Councillors Sound Battle Cry Against Dreaded Black Knot
Two city councillors are trying to engage the public in the fight against a deadly fungus that disfigures and eventually kills trees. St. Vital Councillor Brian Mayes and St. Norbert Councillor Janice Lukes held a townhall meeting Monday evening to discuss the city’s plan to deal with black knot, a fungal disease that affects the city’s chokecherry trees.
Black knot appears as an ugly, dark, knotted swelling along the branches of infected trees. Some trees such as maple and Russian olive are immune, which Lukes said the public needs to be made aware of.
“Nurseries can sell whatever they want, but people need to be educated. It (chokecherry) is a beautiful tree, so I understand why people want to buy it, but there is this prolific disease out there that is going to get it eventually,” Lukes said.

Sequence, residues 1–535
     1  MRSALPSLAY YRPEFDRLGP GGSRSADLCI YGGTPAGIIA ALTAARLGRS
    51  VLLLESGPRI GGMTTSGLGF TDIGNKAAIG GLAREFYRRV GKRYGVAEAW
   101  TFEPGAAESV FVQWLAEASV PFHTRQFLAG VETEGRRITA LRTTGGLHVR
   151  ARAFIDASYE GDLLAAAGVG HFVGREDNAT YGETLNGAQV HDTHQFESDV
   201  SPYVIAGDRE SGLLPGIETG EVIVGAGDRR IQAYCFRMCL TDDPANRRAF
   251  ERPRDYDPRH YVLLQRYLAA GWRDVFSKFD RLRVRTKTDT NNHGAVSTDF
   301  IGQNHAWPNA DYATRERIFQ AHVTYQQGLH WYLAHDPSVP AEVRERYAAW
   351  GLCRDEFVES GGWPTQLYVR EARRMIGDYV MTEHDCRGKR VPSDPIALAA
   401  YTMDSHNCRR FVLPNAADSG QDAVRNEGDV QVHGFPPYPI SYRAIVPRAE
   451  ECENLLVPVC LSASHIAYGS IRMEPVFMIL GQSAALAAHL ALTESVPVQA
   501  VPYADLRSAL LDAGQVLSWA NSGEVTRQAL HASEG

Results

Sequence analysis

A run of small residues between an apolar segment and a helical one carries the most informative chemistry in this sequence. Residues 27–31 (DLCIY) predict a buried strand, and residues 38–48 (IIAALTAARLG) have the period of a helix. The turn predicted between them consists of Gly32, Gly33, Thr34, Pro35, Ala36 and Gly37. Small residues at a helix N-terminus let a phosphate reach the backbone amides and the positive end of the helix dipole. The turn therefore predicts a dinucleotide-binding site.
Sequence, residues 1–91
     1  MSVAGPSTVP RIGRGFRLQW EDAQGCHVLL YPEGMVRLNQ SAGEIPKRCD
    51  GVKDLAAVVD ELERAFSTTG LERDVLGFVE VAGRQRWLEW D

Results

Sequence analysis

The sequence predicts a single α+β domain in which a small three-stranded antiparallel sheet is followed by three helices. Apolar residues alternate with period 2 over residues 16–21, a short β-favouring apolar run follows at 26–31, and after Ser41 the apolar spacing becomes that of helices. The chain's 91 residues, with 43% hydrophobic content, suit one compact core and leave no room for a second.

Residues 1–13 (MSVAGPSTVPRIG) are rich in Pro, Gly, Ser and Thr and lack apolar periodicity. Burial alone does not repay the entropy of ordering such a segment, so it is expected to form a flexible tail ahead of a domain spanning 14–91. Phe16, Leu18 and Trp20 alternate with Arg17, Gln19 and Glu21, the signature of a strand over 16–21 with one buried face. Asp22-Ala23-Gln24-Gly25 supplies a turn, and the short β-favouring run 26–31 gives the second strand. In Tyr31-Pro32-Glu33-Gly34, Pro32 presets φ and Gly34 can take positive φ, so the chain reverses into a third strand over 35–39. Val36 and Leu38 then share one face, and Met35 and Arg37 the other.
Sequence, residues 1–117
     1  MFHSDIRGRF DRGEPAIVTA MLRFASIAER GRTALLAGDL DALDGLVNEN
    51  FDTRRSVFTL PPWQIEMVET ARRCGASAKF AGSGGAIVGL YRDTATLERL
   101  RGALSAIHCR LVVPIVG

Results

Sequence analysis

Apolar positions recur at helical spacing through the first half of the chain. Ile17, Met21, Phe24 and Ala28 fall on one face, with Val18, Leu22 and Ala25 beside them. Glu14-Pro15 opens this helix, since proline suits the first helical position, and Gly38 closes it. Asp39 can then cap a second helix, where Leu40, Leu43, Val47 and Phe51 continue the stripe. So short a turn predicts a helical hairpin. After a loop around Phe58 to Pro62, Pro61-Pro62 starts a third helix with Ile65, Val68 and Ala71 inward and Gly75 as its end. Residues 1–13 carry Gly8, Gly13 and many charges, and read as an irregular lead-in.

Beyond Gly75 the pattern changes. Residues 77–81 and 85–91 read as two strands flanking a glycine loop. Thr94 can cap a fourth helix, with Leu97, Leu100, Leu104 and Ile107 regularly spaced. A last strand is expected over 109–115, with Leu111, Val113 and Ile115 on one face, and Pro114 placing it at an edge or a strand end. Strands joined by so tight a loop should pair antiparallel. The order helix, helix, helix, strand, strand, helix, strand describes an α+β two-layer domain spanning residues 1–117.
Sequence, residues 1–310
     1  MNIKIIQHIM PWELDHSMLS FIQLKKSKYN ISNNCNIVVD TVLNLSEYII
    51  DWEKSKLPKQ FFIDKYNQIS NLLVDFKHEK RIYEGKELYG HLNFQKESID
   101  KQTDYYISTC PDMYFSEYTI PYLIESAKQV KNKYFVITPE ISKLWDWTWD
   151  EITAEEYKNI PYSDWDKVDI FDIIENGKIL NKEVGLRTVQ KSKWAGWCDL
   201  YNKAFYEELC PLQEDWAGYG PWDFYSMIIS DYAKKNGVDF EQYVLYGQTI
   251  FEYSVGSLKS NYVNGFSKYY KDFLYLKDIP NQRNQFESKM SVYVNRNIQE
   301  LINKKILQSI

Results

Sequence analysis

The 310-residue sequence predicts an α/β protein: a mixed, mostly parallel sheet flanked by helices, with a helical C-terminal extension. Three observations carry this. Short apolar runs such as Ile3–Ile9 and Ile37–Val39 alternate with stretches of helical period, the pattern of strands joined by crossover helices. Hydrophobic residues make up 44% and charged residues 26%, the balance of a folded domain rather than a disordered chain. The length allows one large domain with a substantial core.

The meeting Monday at Collège Jeanne Sauvé in St. Vital aimed to educate residents on how to deal with the fungus and stop it from spreading.
Lukes said almost 8,000 trees in the city have been infected and pruning off the knots only prolongs the tree’s life — the fungus eventually kills it.
“We need to share with the public what we can and cannot do to deal with the trees,” she said. “A lot of people prune them off, but really once the tree gets it, it has got it.”
Pruning can also spread the disease if the tools are not properly cleaned and sanitized.
In the 2015 budget, $250,000 was allocated to fund the city’s battle against black knot, as opposed to $500,000 in 2014, which makes the situation harder to deal with, Lukes said.
A tree on city property can’t be removed by a resident. It must be professionally removed at the resident’s expense, with the city’s approval.
The city has the budget to remove about 200 trees a year, Lukes said.
“With the current funding level, it is going to take 39 years to remove and replace all these trees,” she said.
Republished from the Winnipeg Free Press print edition May 26, 2015 A6
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